New management had just taken over the restaurant space at the base of the mausoleum steps and so we escaped the increasingly bad weather for the dry, but cold and cave-like interior of Restoran Vidikovac Lovćen. I mean “cave-like” in the most literal sense, the restaurant having been carved into the mountain. The location is fascinating and would have really spectacular views from its terrace on a sunny day. Today, however was not that day and we were happy to be inside. The manager (or maybe owner) greeted us warmly, eager to fill the empty space. Soon another group arrived and ordered drinks so things were not quite so desolate. Available menu items were limited, so we ordered what they had. An older woman behind the counter made the ubiquitous Montenegran pork cutlet to order. We’d quickly learned that despite our expectations of great seafood fresh from the Adriatic, other than squid, this country ate pork. And cheese. And pork with cheese, wrapped in ham. And ham and cheese sandwiches. According to Goran, a Montenegran’s idea of seafood is “pig that’s fallen in the sea.” Oh well, it was way too short on vegetables for us, but tasty nonetheless and very filling.
I think nearly every traveler feels the urge of The Place Just Beyond. I try not to succumb to the temptation to waste my time in Place A running over to Place B, just because it’s further or–my personal peeve–just to “say” you’ve been there. I always wonder who exactly I’m supposed to “say” that to, and who the heck would care. Still, I can be as weak as the next person and ever since we’d planned this trip to Montenegro and I’d realized how close Albania was, I’d been tempted to make a dreaded “toe touch” run. I know, I know: Shame on me!
But wait, hear me out: I did have some rational reasons for going to Albania for the day beyond curiosity, which IMHO, is a perfectly good reason for most travel. First…well, first, there was curiosity. I’d started reading about Albania and I wanted to see for myself if the difference between Albania and Montenegro would really be as noticeable as some people claimed. Albania sounded like kind of a mess, and maybe a little bit dangerous, but also beautiful and remote, and Muslim, unlike the other Balkan countries we’d seen and would see on this trip and…Like I said, I was curious. Secondly, weather was now making this trip look more appealing. It had been cloudy and threatening rain since we arrived in Montenegro and the forecast for our second day there was calling for heavy rains. The rains were coming from Africa to the south and looked to push through Kotor by the following day. So, I reasoned, it might be a gamble worth taking to try to drive through the rains. Maybe, just maybe, we would luck out and end up in Albania with a little sunshine. David was game, so I emailed our AirBnB host, Bojan.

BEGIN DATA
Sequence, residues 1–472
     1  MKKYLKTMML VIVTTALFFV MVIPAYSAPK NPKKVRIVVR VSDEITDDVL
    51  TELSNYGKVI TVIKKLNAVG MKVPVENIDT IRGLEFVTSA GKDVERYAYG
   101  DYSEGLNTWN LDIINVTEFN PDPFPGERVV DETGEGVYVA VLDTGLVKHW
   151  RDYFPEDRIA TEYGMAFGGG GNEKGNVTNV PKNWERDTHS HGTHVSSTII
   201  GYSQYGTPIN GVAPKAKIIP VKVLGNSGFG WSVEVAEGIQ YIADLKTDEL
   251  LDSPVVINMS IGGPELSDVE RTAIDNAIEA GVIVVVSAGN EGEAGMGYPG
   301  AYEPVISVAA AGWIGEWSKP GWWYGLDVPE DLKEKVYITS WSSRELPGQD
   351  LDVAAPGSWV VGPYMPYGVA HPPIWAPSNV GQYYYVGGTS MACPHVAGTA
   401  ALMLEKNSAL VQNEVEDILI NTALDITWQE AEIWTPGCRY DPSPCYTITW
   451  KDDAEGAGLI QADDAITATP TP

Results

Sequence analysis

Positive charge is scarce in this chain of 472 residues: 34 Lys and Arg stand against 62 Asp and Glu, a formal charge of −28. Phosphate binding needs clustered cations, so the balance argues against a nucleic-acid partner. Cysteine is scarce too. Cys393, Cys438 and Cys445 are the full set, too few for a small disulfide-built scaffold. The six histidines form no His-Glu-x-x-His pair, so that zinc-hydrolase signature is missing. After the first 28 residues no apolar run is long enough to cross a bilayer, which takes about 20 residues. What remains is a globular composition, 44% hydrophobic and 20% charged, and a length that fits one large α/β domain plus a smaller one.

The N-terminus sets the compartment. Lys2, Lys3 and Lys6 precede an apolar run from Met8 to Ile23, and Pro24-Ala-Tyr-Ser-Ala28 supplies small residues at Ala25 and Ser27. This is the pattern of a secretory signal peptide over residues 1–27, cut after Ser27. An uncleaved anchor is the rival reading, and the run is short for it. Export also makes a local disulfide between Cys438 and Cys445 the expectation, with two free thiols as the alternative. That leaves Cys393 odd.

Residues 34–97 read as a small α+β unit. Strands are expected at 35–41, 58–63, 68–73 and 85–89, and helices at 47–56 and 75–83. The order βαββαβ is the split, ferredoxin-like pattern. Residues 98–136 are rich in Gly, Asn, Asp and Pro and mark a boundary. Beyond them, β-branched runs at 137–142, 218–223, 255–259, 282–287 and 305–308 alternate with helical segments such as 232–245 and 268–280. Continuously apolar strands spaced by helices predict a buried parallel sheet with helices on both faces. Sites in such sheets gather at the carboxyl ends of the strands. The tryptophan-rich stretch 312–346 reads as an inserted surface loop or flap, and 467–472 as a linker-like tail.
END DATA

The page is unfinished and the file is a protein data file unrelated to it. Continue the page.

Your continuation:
Months ago when I booked our apartment, Bojan had said he could arrange any tours, rent cars, etc. we might have in mind and reviews on AirBnB gave him high marks. He was a little surprised when I said I wanted to go to Rosafa Castle in Shkodër, Albania, in the pouring rain, but he said he’d make some calls. We decided we wanted a driver for this excursion since I’d read of problems at the border and thought a local who could speak the language would be a help. We also had some concerns that migrants moving through from Syria might also create complications at the border. Bojan got back to me promptly saying he’d found a driver who would take us for €150, and that others he’d asked were €250 to €300. A little worryingly, he did not answer my question about whether the driver spoke English nor how we’d recognize him, only assuring me that the driver would be downstairs at 10am the following morning. Oh well, we’d have an adventure!
Sure enough, promptly at 10am we spotted a large new car parked below our balcony by the canal. Suited up and with umbrellas at the ready, we dashed through the pouring rain and hopped in the stranger’s vehicle. Our driver, Goran, turned out to be a charming young man who spoke very good English. He was the married father of a little girl about whom he loved to talk. Goran was a native of Kotor and son of a prosperous local businessman. He was a font of knowledge and local perspective and a fun companion on what would turn out to be a longer day than any of us had anticipated.
Despite the rain, we made decent time along the coast past the town of Budva where the old town looked pretty in the distance. The rest of the city seemed an uncharming sprawl to me, though, and I was glad we’d chosen pretty little Kotor as our base. Goran assured me he felt the same way and said Budva had become a party town for tourists. Not what I’m looking for, but to each their own.